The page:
About this time every year, I write this article about swimming and drowning tragedies. Each year, I wonder if the situation is ever going to improve. And I believe it is.

Vietnam’s drowning epidemic continues with sickening regularity as each summer rolls up. Depending on which bunch of statistics you consult, from 2000 to 3000 children drown due to natural disasters, lack of supervision, poor awareness of environmental hazards and almost no real swimming skills. 

It has to be said that there’s little evidence that drownings are decreasing, although there are some numbers suggesting beach drownings are less frequent with the growing number of life-saving clubs and organizations monitoring the beach environment these days.

However the effort to expand swimming classes into rural areas has gained more attention. As reported recently by , swimming classes have opened in the mountains of Quan Son District, located in the north-central province of Thanh Hoa. Down south, the Ca Mau Province People’s Committee is offering free swimming lessons and awareness programs to alert parents to their role in looking after their kids during the summer break. 

Back in May, Deputy Prime Minister Vu Duc Dam, at a ceremony in Hanoi to promote a swimming program for adults and children, pointed out that only 1,000 out of the 50,000 schools nationwide had taught swimming and how to avoid drowning. The new swimming program aims to get at least 3,000 to 5,000 students into lessons. The deputy prime minister also stated the need for children and parents to ‘prevent and respond to emergencies as well as how to save others.’

What’s significant are the growing requirements of local authorities to have parents attending some of the programs to spread awareness of the dangers when swimming. This marks a shift which could make all the difference in reducing the death toll from drowning for both the young and old. 

In many ways, involving and teaching the parents as well as kids about the hazards of swimming areas – especially in rural areas where kids swim in rice paddies, ponds, rivers, construction site ponds and so on – being aware of where your children are outside of school time, and supervising them would certainly had a significant effect on childhood drowning deaths.

I also think an earlier introduction of understanding water, how rivers work, and environmental hazards (factory pollution in water and rubbish hidden underwater would be examples) is necessary as some statistics point to the fact that nearly half the drownings occur in rural areas with children between three and eight years old.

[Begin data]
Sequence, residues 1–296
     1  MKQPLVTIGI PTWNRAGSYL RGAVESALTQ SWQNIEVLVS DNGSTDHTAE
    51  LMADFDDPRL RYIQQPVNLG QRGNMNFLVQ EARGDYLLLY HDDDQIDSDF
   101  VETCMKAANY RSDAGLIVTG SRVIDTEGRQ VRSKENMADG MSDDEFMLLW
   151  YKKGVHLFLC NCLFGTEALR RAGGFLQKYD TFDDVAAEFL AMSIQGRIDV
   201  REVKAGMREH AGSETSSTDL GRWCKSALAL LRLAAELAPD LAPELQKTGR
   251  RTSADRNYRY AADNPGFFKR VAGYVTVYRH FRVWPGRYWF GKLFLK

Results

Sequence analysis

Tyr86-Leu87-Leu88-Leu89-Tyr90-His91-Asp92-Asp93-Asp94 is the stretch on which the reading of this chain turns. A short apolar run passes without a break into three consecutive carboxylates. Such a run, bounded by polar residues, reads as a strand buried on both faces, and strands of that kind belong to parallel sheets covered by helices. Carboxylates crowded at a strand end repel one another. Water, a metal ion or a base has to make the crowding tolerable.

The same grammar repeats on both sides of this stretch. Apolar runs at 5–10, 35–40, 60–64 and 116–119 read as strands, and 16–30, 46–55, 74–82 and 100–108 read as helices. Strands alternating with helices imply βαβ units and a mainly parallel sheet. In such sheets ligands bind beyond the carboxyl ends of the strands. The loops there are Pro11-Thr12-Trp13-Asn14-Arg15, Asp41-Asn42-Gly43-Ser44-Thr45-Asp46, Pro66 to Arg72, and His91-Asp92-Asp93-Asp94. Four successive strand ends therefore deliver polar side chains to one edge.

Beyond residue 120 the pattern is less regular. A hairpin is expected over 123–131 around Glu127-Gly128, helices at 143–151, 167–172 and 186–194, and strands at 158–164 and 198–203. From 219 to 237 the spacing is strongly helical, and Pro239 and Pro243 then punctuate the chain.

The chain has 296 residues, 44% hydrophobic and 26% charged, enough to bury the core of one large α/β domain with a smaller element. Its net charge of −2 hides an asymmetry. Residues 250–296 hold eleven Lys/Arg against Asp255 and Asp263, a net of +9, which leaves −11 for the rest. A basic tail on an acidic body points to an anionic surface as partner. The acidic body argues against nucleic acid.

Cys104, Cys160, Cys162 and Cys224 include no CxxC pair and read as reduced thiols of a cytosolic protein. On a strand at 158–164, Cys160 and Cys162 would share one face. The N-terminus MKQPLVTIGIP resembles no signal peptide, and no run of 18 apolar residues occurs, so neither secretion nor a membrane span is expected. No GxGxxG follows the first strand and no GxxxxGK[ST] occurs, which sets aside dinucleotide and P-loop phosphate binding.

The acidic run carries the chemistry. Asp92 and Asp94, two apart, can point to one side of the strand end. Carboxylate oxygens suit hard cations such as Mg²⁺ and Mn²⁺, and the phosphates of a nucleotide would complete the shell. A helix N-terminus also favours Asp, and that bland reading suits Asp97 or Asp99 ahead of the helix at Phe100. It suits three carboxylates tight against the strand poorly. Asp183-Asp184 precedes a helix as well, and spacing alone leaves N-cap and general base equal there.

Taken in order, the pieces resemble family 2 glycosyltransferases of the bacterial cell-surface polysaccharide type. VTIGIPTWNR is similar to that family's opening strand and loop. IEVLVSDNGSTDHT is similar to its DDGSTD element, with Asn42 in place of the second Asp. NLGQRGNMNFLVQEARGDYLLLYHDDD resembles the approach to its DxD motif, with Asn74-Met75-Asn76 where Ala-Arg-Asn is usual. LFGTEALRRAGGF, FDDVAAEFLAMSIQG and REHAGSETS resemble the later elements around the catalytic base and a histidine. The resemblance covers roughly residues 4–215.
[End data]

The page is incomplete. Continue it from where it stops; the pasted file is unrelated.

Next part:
One reason often overlooked when I hear people complain and ask why so many die is the sheer number of kids at risk. Overall, 20 million students are enrolled in Vietnam’s education system of which eight million are elementary students. Nearly half of that number are in rural areas but struggle to continue onto high school and drop out to help their parents make a living.

If you add to that the difficulty of attracting high quality teachers, let alone swimming instructors, in rural areas due to lower salaries than the cities, it becomes harder to reach out and educate all kids about swimming safety, not to mention raising the money for pools when other issues cry out for attention.

The Ministry of Education and Training is considering making swimming a part of the curriculum next year although the obvious problem is a lack of pools and qualified swimming teachers. SwimVietnam and other non-governmental organizations have already trained hundreds of local teachers for swimming classes, and all of them have been able to expand programs across the south, center, the highlands and the north. Also such organizations are working with schools to supply teaching materials (and improve what is already available) for local trainers.

One part that still surprises me is how the media and social media are not used enough in passing on the basic messages of swimming safety. What I mean is not just news reports of swimming tragedies or warnings – the good rules for swimming such as never swim alone, swim where adults can keep an eye on you, assess the water conditions, or even just the simple question, ‘Do you know where and what your children are doing now?’

I’m not a religious person but each year I hope the terrible drowning statistics become less. The challenges are huge but I do sense the Vietnamese are becoming stronger and more effort is being put into dealing with it.

May the kids (and their families) have a safe and fun summer!